They’re “Family Movies that Teach Values” from the “Movie Mom,” Nell Minow, at Beliefnet, the multidenominational site. Despite the headline, there’s nothing at all medicinal about them – they’re good movies, at least the ones I know, that, oh yeah, do seem to have good points to make. Make some popcorn, turn on a DVD, seems like a fine low-effort way to get credit for Teaching Your Children Values. I suppose you’d get extra points for actually discussing the movies. And here’s the key – they also seem like “family movies” that the grownups in the family can actually watch too, as opposed to, say, nodding off in the middle.
If you’re looking for other suggestions (yes, summer is a long, long season), around here I’m embarrassed to admit that we do tend to watch too much of the completely valueless Scooby Doo, but when we can enforce a grownup choice, a classic musical like Singin’ in the Rain has made everyone happy. After all, an appreciation of a funny song and dance routine is pretty valuable for any family too.

Posted by Deborah Klosky at 11:29 AM | Permalink

Security Mom

May
23
2008

Spain’s defense minister recently gave birth to her first child.
Yup, you read that right. The prime minister naturally called to congratulate her and then politely informed her she was fired. Just kidding.
No, Spanish Prime Minister José Luis Rodríguez Zapatero, who has made a point of pursuing gender equality in his government and legislative proposals, did know Carme Chacón was pregnant when he named the 37-year-old defense minister. She took up her post at the beginning of Zapatero’s second term, when she was seven months pregnant.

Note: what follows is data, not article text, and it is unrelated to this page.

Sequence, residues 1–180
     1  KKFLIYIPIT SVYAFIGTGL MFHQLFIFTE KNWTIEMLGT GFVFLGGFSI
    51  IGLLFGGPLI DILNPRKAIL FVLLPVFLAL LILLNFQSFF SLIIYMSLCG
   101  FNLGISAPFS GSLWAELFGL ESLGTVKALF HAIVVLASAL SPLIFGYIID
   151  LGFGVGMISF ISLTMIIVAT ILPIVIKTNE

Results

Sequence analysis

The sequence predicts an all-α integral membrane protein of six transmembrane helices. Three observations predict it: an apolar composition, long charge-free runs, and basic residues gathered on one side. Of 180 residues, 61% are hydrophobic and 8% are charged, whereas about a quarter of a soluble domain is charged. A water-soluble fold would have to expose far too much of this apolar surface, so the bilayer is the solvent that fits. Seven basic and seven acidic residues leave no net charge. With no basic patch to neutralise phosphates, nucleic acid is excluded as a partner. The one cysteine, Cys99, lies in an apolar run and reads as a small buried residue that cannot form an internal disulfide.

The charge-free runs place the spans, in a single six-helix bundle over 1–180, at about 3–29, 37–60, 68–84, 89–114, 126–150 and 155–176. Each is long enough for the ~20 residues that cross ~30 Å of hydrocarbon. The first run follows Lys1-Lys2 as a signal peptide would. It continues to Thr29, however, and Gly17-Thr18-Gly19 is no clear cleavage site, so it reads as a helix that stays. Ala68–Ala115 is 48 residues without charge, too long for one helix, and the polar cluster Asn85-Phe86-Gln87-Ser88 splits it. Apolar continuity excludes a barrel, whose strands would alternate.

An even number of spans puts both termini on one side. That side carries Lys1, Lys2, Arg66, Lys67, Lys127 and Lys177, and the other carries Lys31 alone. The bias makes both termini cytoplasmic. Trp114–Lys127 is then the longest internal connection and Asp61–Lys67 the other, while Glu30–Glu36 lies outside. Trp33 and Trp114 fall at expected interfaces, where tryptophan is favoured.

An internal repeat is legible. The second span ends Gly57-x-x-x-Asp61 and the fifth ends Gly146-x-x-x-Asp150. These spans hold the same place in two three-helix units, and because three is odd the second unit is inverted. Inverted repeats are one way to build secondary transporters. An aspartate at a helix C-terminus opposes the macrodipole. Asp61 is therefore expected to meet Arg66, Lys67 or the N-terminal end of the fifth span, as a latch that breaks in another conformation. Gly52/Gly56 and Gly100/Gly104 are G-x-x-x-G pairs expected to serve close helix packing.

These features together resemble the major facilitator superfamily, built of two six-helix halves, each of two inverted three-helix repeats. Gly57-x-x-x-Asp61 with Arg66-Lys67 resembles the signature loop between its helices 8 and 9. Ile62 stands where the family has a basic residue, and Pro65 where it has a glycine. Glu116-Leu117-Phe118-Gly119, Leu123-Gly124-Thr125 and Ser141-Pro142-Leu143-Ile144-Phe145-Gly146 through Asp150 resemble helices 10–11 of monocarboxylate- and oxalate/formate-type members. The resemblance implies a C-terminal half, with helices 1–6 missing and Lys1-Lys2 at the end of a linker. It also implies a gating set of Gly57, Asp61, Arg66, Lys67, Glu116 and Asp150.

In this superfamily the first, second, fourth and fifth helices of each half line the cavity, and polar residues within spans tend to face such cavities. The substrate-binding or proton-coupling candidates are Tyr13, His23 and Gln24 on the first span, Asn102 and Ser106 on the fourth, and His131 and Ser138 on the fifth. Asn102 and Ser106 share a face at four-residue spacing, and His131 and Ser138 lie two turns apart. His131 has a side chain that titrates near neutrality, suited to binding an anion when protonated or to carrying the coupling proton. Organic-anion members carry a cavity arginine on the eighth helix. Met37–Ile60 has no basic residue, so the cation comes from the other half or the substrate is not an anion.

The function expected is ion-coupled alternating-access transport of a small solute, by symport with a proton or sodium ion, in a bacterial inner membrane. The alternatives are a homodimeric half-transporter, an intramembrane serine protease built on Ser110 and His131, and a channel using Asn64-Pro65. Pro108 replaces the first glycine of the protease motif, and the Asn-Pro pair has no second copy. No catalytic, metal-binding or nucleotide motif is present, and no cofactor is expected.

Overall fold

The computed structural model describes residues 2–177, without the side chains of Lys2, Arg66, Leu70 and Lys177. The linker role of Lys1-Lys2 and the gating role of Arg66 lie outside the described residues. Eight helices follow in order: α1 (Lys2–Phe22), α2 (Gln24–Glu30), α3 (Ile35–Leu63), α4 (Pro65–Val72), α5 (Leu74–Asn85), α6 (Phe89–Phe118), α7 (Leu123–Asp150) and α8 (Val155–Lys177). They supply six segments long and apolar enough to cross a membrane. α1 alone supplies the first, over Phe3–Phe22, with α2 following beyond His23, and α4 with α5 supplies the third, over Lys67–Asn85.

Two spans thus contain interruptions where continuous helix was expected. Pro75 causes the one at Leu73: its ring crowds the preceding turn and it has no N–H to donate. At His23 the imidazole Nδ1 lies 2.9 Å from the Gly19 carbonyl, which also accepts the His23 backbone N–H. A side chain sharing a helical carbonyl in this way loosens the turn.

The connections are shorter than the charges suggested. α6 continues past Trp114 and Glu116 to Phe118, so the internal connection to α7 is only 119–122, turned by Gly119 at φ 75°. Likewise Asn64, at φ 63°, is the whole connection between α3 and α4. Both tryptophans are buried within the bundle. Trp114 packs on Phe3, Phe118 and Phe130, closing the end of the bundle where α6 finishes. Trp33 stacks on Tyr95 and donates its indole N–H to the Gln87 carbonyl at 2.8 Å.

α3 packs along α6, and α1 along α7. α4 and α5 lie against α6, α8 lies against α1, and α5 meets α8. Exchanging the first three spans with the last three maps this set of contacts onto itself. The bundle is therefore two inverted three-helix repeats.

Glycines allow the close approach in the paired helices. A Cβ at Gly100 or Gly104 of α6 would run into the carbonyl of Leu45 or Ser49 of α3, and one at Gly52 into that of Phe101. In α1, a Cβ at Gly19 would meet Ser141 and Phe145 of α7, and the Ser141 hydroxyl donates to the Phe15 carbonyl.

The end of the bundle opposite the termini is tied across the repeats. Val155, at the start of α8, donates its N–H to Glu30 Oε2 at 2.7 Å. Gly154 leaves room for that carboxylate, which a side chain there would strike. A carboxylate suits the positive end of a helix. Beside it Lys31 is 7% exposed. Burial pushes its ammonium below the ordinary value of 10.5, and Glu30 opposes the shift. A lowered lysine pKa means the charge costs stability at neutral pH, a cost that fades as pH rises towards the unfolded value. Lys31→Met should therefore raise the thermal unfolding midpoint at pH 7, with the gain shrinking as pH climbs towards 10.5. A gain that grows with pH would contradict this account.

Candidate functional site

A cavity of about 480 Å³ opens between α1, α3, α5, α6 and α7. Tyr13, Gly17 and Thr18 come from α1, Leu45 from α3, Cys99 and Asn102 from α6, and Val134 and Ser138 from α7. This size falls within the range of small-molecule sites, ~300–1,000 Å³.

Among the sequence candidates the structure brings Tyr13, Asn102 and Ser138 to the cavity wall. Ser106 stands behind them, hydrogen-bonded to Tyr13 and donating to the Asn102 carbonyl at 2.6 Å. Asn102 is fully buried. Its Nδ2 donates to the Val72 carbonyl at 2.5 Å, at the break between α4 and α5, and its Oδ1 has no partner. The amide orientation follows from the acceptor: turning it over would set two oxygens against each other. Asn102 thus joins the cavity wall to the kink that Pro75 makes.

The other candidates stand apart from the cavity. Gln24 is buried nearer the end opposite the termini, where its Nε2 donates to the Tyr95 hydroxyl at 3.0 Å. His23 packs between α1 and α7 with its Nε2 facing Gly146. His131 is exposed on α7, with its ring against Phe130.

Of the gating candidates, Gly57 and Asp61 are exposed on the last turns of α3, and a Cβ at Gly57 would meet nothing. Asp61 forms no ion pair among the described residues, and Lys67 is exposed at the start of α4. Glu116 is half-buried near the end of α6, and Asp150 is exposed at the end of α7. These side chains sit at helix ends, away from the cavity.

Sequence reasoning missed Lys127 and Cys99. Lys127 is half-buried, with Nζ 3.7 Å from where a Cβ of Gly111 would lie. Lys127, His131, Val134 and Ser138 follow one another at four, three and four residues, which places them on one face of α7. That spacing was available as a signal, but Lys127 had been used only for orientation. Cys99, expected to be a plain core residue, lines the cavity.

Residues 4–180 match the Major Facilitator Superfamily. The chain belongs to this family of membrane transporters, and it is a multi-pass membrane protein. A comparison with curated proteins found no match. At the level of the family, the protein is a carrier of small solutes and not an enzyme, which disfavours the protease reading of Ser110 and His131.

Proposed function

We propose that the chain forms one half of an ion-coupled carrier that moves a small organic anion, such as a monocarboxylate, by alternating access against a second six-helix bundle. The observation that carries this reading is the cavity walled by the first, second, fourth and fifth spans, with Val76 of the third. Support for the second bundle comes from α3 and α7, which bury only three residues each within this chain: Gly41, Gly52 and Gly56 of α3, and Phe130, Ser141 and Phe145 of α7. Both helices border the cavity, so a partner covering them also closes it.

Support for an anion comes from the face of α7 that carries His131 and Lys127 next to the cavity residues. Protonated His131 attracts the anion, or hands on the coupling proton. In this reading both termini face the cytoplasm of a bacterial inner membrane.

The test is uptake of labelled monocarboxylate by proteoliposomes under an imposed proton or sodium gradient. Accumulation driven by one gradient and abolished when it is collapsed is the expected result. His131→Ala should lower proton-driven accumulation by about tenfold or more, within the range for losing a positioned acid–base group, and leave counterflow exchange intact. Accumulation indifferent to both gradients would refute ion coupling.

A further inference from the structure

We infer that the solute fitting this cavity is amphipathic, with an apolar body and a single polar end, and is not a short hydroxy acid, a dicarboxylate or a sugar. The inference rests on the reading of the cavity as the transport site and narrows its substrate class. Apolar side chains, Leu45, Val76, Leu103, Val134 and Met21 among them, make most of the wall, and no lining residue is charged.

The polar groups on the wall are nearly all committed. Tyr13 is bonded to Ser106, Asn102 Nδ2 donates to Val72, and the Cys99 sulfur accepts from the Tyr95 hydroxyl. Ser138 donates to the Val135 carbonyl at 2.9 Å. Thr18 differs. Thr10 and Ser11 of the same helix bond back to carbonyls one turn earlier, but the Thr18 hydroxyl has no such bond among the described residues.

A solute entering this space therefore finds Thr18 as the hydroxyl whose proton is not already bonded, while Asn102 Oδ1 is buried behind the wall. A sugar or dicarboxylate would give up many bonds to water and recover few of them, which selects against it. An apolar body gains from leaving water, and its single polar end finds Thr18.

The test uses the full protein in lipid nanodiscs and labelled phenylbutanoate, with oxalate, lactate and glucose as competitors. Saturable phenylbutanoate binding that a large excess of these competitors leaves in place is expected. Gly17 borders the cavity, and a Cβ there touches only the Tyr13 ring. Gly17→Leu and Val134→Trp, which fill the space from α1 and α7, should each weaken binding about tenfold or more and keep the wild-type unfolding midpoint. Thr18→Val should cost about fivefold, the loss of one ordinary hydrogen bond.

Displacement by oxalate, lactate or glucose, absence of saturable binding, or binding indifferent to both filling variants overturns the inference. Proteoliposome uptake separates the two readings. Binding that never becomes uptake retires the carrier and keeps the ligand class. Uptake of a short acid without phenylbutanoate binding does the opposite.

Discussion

Naming a pregnant woman to head the most stereotypically male of departments drew notice, good and bad. Pictures of Chacón reviewing troops just after being named, or hauling herself and her belly to Afghanistan to visit Spanish troops there are an exercise in retraining the eye, whether you welcome that change or not. Chacón is Spain’s first female defense minister and first minister of any department to give birth, according to press reports. Female heads of state and government are less and less uncommon these days, but few countries have ever had a female defense minister.
Old-guard soldiers and other who objected to her naming included among their public complaints the fact that she hadn’t worked with military affairs before, and that the birth would take her off duty for a period. Spanish mothers get 16 weeks of paid maternity leave.